European nations and Canada pushed back against accusations they don’t spend enough on defense after receiving a scolding from U.S. President Donald Trump.
Trump, who travels to Brussels next week to attend a potentially testy North Atlantic Treaty Organization summit, sent letters to several allied nations calling on them to increase their military budgets.
“It will become increasingly difficult to justify to American citizens why some countries continue to fail to meet our shared collective security commitments,” Trump said in a letter addressed to Norwegian Prime Minister Erna Solberg seen by Bloomberg News. Norway, he wrote, “remains the only NATO ally sharing a border with Russia that lacks a credible plan to spend 2 percent of its gross domestic product on defense.”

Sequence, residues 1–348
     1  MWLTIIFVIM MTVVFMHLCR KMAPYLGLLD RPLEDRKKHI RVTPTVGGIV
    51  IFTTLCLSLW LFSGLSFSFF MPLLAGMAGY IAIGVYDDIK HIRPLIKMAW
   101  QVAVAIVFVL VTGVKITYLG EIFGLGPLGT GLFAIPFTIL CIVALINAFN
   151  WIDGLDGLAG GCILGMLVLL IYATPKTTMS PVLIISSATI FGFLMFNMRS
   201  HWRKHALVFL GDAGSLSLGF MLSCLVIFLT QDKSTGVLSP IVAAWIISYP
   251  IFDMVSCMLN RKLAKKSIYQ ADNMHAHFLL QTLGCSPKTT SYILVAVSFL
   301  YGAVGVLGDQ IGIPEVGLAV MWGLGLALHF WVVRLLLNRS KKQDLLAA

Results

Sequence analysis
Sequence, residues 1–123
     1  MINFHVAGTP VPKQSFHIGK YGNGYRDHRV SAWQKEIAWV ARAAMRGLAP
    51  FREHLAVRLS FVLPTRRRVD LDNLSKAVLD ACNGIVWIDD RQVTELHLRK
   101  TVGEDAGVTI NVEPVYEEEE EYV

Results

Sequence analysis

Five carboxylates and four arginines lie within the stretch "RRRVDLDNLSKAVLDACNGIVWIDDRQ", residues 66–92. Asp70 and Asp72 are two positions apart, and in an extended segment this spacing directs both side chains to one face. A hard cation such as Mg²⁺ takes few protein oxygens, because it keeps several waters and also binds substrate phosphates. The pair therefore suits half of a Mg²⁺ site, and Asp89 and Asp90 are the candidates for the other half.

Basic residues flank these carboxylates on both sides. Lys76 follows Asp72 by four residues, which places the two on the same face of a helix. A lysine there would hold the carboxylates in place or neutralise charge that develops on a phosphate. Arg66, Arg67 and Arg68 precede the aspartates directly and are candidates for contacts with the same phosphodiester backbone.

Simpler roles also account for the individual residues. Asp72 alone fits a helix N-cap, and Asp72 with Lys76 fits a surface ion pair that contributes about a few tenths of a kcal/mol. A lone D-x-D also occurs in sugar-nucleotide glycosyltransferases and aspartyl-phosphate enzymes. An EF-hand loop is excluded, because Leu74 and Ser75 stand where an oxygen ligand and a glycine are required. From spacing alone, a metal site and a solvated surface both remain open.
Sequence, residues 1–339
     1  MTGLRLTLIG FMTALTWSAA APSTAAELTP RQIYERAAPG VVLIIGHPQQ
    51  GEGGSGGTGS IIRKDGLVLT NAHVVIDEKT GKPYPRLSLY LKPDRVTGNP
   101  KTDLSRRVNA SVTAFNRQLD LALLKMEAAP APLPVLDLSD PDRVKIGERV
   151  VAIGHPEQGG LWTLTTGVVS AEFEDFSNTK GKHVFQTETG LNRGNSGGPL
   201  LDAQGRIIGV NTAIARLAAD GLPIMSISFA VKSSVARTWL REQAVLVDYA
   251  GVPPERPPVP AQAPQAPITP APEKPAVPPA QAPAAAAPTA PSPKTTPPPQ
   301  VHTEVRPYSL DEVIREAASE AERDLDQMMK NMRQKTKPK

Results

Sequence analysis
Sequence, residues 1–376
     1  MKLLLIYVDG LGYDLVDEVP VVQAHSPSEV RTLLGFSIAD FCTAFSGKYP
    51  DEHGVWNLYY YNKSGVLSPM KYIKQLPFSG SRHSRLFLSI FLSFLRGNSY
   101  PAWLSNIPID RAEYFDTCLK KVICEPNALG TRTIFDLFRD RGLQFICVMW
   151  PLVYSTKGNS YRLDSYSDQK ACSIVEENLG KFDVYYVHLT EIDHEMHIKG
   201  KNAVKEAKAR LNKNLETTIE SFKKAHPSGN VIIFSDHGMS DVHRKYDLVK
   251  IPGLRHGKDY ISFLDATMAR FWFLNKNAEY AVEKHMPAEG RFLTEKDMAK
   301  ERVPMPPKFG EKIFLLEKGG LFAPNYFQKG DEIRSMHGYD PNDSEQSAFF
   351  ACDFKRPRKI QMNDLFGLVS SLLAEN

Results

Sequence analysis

Italy, Germany, the Netherlands, Canada and Spain also confirmed receiving a version of the letter. The New York Times, in a report Tuesday, said it was sent to Belgium, Luxembourg and Portugal too. One NATO country government official, speaking on condition of anonymity ahead of the July 11-12 summit, said they understood that all members of the bloc received a letter.
At a NATO leaders’ meeting in May 2017, Trump refused to offer an explicit endorsement of the alliance’s collective-defense clause and instead hectored fellow leaders to meet the 2 percent target. Concern is running high in many European capitals over the outcome of this year’s summit after Trump last month revoked his endorsement of a Group of Seven communique praising free trade, insulted Canadian Prime Minister Justin Trudeau and then scheduled a July 16 meeting in Helsinki with Russian President Vladimir Putin. (end of excerpt)
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